But stay at home orders are a problem for many as starvation is more frightening than the virus and 90% of residents in the slum communities still need to leave for work each day to keep food on the table. The daily average income for those in the slums is around 120 to 150 baht. The CCSA yesterday declared that is is focusing on containing major Covid clusters in 3 key Bangkok communities – the Klong Toey ‘slums’, Bon Kai in Pathumwan and Ban Khing in the Bang Kae district, on the west side of the Chao Phraya.

Today’s nationwide Covid update includes compiling the regional totals from yesterday, with a total of 27 new Covid-related deaths and 2,044 new Covid-19 infections over the past 24 hours. The numbers continue a statistically consistent rise in the number of Covid infections over the past 2 weeks.

Meanwhile, talking about Phuket’s plans to open in July, the Tourism and Sports Minister, Phiphat Ratchakitprakarn, said yesterday that the number of new cases on the island must reach zero before the government can contemplate the ‘Sandbox’ plan for no-quarantine travel.

SOURCE: Bangkok Post


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Coronavirus (Covid-19)

Phuket visitor Covid-19 rapid antigen testing may end May 15

Neill Fronde



PHOTO: Covid-19 rapid tests may be discontinued in Phuket. (via Wikimedia)

In a live broadcast, Phuket’s Vice Governor Piyapong Choowong said officials will consider discontinuing Covid-19 rapid antigen testing for people arriving into Phuket after May 15. The interview from the Phuket Check Point at Tha Chatchai yesterday seems to contradict a recent statement from the governor launching additional rapid testing from today.

Entry to Phuket since April 22 has been limited for travellers from red zone provinces, requiring proof of vaccination or a negative Covid-19 test within the last 72 hours. Anyone arriving without either of these would be screened on the spot with rapid antigen tests. Though originally offered for 300 baht per person, controversy arose over Thailand’s 2-tier pricing as it was announced that testing would be free for Thai people and 500 baht for foreigners.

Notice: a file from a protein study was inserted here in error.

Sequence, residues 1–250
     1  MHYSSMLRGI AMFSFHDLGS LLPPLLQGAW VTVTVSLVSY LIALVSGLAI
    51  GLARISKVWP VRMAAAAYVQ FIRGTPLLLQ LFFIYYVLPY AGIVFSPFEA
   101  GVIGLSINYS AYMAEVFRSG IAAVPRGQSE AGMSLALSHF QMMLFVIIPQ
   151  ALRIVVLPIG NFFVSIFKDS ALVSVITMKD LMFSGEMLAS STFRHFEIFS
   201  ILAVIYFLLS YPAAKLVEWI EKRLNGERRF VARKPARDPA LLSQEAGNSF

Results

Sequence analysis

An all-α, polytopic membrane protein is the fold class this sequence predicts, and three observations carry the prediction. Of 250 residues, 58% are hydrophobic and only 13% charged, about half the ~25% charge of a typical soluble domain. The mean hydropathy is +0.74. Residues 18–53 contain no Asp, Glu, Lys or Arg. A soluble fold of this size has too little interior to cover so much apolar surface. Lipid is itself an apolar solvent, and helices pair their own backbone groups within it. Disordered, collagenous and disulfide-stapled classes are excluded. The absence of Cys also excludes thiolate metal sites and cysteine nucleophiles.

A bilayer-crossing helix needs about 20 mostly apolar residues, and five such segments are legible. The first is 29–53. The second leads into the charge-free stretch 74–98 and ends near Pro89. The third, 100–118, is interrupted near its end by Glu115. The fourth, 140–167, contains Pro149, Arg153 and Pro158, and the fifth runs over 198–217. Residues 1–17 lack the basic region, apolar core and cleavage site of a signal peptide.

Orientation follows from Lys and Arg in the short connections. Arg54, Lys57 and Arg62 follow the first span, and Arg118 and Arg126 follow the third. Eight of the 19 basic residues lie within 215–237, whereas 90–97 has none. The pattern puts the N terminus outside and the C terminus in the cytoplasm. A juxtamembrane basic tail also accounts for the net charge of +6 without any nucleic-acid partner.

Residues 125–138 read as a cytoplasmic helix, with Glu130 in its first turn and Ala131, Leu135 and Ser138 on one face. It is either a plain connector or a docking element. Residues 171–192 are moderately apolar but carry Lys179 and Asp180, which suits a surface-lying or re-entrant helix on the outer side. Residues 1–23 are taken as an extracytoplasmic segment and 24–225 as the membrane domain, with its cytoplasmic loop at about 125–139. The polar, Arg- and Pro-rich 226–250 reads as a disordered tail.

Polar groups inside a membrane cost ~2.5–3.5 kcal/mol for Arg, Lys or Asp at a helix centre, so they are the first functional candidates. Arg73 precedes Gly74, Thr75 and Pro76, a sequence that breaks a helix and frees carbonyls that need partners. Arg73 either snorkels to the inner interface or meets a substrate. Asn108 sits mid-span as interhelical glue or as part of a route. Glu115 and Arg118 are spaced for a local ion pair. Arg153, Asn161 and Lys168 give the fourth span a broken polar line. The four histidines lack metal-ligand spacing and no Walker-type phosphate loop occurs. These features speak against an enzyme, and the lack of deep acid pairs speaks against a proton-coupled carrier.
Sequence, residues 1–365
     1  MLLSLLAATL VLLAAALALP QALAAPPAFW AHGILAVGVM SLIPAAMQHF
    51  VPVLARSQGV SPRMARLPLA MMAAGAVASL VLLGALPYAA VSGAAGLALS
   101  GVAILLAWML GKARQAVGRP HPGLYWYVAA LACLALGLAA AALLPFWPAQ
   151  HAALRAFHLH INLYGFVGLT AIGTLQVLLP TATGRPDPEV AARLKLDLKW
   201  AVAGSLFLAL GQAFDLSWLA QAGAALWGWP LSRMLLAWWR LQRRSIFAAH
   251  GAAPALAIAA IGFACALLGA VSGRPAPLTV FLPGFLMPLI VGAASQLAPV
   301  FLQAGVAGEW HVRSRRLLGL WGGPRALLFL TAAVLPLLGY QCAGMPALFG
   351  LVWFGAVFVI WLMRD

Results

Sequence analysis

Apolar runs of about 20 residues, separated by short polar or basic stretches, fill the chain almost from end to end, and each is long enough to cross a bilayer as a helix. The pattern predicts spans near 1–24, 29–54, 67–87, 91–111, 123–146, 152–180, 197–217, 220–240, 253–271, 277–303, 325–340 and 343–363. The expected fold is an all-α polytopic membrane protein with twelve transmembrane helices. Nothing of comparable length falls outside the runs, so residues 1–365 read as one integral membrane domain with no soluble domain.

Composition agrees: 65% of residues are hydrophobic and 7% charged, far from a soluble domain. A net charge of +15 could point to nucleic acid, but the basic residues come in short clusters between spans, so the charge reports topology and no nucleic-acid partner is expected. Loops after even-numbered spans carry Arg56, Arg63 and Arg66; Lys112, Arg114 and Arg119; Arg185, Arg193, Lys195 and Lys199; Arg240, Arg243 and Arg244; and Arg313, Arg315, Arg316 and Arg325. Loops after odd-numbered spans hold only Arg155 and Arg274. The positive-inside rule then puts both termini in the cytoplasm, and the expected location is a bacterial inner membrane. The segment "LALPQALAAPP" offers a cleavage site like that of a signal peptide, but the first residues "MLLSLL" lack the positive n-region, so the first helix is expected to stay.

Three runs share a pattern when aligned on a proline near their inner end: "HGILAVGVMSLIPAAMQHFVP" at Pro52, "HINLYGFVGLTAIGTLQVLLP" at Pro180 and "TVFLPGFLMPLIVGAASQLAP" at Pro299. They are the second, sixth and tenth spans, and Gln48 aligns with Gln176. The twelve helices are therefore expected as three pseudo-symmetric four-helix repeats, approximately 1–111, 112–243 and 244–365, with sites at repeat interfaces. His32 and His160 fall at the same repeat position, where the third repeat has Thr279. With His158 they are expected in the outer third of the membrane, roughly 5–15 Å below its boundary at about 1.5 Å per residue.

The National Health Security Office provided 40 billion baht for testing in Phuket, allowing free testing for nationals, but as that funding is used up, Phuket Governor Narong Woonciew announced that the testing will no longer be free for Thai people after May 15. Phuket does not have the budget for free rapid antigen testing so they will likely be forced to require payment after that date.

The current testing has seen a decline in positive Covid-19 infections, not finding any new cases for several days, prompting the government to rethink whether the current system of rapid testing those who are not vaccinated or holding a recent negative test certificate is worth the money spent.

Over 40,000 people have been tested since the program began April 22 until the current figures on May 5, with only 22 covid infections identified. Furthermore, 5 of those infections turned out to be false positives.

The vice-governor conceded that Phuket has Covid-19 outbreak problems with growing infections every day, but explains that the infections are from within the community and not from outside visitors. The latest infections stem in large part from gambling get-togethers without proper Covid-19 safety.

As of now, the rapid antigen testing will continue until the May 15 cut off, but government officials are still debating whether to continue testing and whether funding will exist for it after that date.

The NHSO has recently hinted that they will approve more funds to continue testing, a signal that had not been received before the governor’s announcement on Wednesday about the rapid antigen testing.

The vice-governor stressed that the situation is constantly evolving and that new information it’s shared frequently, and often out of local control. He urges everyone to pay attention to forthcoming announcements.

SOURCE: The Phuket News